The **settling time** [1] of a dynamical system [2] is the time from the application of an ideal instantaneous step input to the time at which the system output has entered and remained within a specified tolerance (also known as the error band).

This tool calculates the **settling time for a second order system** with a damping ratio ζ less than 1.

Enter:

- Tolerance
**T**(this is the level to which a signal is considered as settled)_{%} - Damping Ratio
**ζ** - Natural frequency
**f**(Hz)_{n}

**Formula**

**T _{S} = -Log_{e}(0.01*T_{%}* √(1-ζ^{2}))/( ζ*2*π*f_{n})**

## Example Calculation

For a tolerance of 2%, damping ratio of 0.5 and natural frequency 100 Hz, the settling time is **13 ms**. As the tolerance decreases to 1%, the settling time increases to **15 ms**.

**Background**

**What is settling time?**

**Settling time refers to the time it takes for a system to reach a steady-state condition after a change in input or disturbance.** It represents the period required for the system’s output to settle within a specified limit or tolerance (typically 5% or lower).

In engineering and control systems, settling time is an important parameter that determines the system’s ability to respond accurately and quickly to changes.

The settling time is generally measured from the instant the system undergoes a perturbation, such as a step change in input, to the point where the output remains within a specified percentage of the final value. This is shown in the picture below.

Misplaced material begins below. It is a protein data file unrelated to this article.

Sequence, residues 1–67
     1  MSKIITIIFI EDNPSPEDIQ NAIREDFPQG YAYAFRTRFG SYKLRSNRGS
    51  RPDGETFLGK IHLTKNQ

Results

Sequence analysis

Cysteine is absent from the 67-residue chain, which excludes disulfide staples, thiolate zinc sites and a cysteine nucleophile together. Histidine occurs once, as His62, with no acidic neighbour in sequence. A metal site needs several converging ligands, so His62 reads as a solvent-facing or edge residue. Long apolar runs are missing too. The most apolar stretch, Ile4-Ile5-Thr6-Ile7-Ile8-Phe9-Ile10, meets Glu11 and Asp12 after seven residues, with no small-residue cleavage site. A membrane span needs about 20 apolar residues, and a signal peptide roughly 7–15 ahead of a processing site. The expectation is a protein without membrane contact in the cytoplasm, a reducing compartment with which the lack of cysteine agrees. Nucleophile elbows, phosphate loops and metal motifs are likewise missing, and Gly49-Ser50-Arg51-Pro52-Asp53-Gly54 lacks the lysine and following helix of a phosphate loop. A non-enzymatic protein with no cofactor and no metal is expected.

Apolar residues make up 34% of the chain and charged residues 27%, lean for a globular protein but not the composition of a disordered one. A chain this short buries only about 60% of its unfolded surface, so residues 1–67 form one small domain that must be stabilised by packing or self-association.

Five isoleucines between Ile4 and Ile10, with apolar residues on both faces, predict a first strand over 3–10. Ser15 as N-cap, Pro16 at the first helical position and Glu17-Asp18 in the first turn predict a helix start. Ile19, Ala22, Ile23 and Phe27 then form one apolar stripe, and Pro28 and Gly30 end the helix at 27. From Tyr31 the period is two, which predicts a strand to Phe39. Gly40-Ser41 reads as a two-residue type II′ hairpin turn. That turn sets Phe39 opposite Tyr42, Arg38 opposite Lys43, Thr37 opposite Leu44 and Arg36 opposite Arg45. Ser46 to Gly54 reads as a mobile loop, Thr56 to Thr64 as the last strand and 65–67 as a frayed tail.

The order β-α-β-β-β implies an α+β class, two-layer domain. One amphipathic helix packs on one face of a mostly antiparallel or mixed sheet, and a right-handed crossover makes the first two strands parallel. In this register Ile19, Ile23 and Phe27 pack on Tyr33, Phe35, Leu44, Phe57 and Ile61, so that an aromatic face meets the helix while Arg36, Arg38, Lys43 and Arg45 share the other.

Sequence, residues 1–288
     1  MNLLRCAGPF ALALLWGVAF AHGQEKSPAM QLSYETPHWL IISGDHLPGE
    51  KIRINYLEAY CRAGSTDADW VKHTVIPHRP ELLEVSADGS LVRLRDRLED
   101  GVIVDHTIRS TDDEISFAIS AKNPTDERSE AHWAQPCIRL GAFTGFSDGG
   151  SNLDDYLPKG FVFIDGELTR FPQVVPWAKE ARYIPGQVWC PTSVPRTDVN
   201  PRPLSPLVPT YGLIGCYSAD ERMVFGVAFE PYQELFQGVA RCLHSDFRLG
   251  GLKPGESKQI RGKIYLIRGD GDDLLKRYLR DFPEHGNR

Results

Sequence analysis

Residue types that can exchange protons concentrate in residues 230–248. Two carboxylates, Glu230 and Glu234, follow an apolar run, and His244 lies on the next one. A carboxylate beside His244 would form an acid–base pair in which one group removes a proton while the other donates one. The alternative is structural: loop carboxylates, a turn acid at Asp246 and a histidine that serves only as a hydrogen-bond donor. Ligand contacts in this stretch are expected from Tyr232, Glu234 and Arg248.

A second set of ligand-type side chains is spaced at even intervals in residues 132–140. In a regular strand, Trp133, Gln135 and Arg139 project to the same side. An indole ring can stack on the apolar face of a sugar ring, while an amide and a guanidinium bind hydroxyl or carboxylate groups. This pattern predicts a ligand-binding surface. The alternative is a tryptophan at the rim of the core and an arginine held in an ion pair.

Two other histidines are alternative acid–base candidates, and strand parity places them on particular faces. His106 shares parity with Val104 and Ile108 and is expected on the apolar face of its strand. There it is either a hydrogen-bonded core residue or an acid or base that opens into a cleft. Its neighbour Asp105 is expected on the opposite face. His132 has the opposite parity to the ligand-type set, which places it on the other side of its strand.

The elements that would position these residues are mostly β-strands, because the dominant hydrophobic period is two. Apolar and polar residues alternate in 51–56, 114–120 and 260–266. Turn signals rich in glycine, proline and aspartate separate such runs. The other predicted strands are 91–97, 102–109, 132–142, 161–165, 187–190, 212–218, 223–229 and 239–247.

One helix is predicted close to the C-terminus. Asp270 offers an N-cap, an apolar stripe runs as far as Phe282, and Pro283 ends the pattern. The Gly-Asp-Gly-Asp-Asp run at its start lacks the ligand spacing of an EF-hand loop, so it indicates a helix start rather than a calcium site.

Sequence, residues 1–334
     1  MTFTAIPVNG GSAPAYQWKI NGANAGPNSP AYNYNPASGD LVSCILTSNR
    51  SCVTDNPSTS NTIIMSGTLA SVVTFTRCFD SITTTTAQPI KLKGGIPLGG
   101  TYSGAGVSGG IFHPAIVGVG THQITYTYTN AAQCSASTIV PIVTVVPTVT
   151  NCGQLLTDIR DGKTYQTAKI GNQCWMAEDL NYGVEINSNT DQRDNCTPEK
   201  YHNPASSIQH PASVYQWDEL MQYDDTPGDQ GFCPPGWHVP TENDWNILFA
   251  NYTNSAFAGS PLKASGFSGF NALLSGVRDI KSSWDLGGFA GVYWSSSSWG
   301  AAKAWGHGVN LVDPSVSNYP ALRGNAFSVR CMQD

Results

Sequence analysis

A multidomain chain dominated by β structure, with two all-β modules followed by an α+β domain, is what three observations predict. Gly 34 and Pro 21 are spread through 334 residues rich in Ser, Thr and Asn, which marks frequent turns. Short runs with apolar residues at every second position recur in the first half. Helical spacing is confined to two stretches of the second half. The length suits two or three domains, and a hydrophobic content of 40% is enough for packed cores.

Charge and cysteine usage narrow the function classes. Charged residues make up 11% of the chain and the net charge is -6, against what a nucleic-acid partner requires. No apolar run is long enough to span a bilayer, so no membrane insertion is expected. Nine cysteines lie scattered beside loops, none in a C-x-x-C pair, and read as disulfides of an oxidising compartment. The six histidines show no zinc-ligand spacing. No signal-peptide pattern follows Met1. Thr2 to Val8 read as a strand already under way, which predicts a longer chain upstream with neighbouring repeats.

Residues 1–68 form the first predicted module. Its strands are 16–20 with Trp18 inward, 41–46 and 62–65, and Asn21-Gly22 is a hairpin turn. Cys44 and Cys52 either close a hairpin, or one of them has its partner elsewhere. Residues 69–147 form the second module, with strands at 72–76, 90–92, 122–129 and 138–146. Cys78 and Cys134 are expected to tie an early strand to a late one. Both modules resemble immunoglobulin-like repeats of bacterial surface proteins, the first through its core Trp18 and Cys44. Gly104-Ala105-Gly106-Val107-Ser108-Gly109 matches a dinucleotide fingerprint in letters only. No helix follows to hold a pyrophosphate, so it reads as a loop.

A shorter settling time indicates a faster response while a longer settling time results in delayed outputs.

In general, a step response should be characterized by

- fast rise time
- quick settling
- with low overshoot

**What is a second-order system?**

In a second order system, the dynamics and responses are described by second order differential equations. These systems can be found in a variety of engineering applications. The unit step response of such systems can be analyzed to understand their behavior. The overshoot, or the maximum deviation from the steady-state value for example, is an important parameter to assess the system’s performance.

The transfer function of a second order system is typically denoted as a ratio of polynomials, which allows us to analyze its behavior in the frequency domain. The response of a second order system can be classified as

- underdamped
- critically damped
- overdamped

based on its damping ratio. The underdamped response is characterized by oscillations in the transient response, while the critically and overdamped responses decay without oscillations.

The natural frequency of a second order system determines the rate of decay of its transient response. By visualizing the time domain response and analyzing its exponential behavior, we can gain insights into the system’s stability and performance.

A circuit that consists of a Resistor (R), Inductor (L) and Capacitor (C) – also known as an RLC circuit, is an example of a second order system.

**Practical applications**

In the case of data acquisition systems, the settling time of an operational amplifier (Opamp) is a critical parameter. To guarantee accuracy, the Opamp output must settle before the analog-to-digital converter (ADC) can accurately digitize the data.

It is recommended that the Opamp output settle to within 1 LSB of final value of the ADC that is being driven within a time period that is dictated by the sampling rate of the system.

## Related Calculators

## Wikipedia **References**

[1] Settling Time

[2] Dynamical System

[3] RLC Circuit